Dieselstormers Preview 2.0
A while back, I’ve had the privilege of previewing an Early Access version of Dieselstormers – a sidescroller in which players were tasked with exterminating hordes of orcs and goblins that have overrun the city the game is set in. Along the way, random weapon parts were dropped and there was generally an abundance of procedurally generated content to wade through. It was a fun, albeit faulty experience whose flaws I attributed to the fact that it wasn’t quite done at that point. Black Forest Games, the developers, felt differently and decided to rebuild the game from scratch, turning it into a rogue-lite sidescroller in the process. This is why the editorial staff at Mouse ‘n’ Joypad felt it fair for us to revisit the game and cover it with another preview, which is what you’re currently reading.
To an untrained eye, the game hasn’t changed at all. The visuals remained largely the same, and the gameplay still consists of player-controlled dieselknights massacring dozens of ork-like creatures on each and every level. Beneath the hood, things are much different however. Firstly, there’s no more weapon modification to fiddle with. Instead, you’ll find random weapon drops upon taking down mini-bosses or activating certain machines that are spread out through the level nodes. I’m not sure whether I’m happy with this change or not, as I prefer player-controlled customization over RNG, but it does fit with the rest of the switcheroo the game’s undergone. The positive outcome of this is that the devs now have much more freedom when it comes to designing certain weapon part combos, as the guns are still built of random parts – quality of which depends entirely on the number of four-leaved clovers and rabbit paws you’ve got in your pockets. My personal favourites are the acid-disposing launchers, which spew all kinds of ominously glowing fluids over the poor mobs you encounter. It’s great fun, and none of the weapons I created in the old version of Dieselstormers felt quite as devastating as some of the armaments I’ve come across nowadays. One of these overpowered weapons being the blunderbuss that shot projectiles in a round circle all around my knight. All I had to do is close in to the heavy orcs and fire off a pellet or two and it was instagib time. Another change in gameplay mechanics themselves comes in the form of ‘perks’ that represent different knights in-game. The one I had the most fun with is the explosives-focused knight, who will be able to deal AOE damage whenever hit in melee, for example. The basic knight you start with, on the other hand, is invulnerable while dashing.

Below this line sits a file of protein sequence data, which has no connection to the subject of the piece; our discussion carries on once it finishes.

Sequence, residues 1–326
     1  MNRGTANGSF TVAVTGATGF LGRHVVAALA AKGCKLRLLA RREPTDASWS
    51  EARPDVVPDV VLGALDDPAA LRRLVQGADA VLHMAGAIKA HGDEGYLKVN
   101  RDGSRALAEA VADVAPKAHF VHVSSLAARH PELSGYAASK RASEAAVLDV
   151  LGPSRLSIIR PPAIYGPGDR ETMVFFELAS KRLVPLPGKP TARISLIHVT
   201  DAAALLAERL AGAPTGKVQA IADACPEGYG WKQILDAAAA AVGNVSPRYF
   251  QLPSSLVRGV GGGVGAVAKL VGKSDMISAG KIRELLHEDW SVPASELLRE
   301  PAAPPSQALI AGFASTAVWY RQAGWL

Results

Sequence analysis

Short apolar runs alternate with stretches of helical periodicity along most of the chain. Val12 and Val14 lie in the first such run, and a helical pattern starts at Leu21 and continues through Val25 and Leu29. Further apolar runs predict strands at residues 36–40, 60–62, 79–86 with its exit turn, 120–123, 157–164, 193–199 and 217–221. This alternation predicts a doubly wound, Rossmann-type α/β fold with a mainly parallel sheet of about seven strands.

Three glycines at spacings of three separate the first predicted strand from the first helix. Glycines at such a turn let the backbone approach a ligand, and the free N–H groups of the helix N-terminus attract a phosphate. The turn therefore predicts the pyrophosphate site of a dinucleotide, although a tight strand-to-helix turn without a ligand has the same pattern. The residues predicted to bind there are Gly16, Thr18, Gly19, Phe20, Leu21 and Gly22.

Speaking of dashing, the mechanic is still here, thankfully, and it now feels much more reactive and tactile than it felt before. manoeuvering around enemies is quick and easy, and since the game is now much more of a bullet-hell-alike than it was before. The level design has also been revamped, as it is now entirely randomly generated from a selection of nodes the devs have previously prepared, whereas it wasn’t quite as malleable the first time around. This means that, in theory, you’ll never see the same level twice, but since the environments are still pretty repetitive, the slight and nuanced changes the algorithm comes up with will remain unnoticed for the most part. I’d be willing to say that the most of the work has to be done on that front, even, as it’s good levels that make for a great rogue-lite.
Word of warning for those who play on laptops with dedicated Nvidia graphics cards – the game oftentimes fails to register you have the damned chip, and thus runs like a slideshow on the integrated processor. This is why at first I thought any and all optimization was thrown out the window, yet the issue was completely on my behalf. The truth is that the game runs just as it did when I first played it, perhaps even a tad bit better. The game definitely should be optimized a bit better than it currently is, but it’s not as horrifying as it seemed to be at first on my end. Visually, little has changed. If my memory serves me right, some of the post-processing effects weren’t available when I last played, while it all works nicely this time around. Each tileset also has a different lighting system, thus enforcing the green, blue, orange or red overtones on the plain textures below. It’s a colourful and vivid experience, all in all, and I doubt anybody’s eyes will be tired upon looking at this game for a while.
On a final note, Dieselstormers now feels like more of a finished product than it was before, even after undergoing a wholesome rework of its gameplay systems. The roguelite mechanics work in favour of the game, and the movement and guns feel much more reactive and immediate, not to mention fun than they were before. The fact that everything’s been streamlined and reappropriated also makes way for a decent amount of perk/weapon/ability combinations between players themselves, as Dieselstormers is a cooperative game after all. Balancing all of the content might prove a difficult task, but BFG are sure to be able to tackle it properly. The game now offers both local and online CO-OP, which is a major bonus for those of us with bored spouses and extra controllers. With all of that in mind, I applaud the changes and look forward to the game’s eventual release, as it’s sure to be an amusing title once all of the building blocks are in place.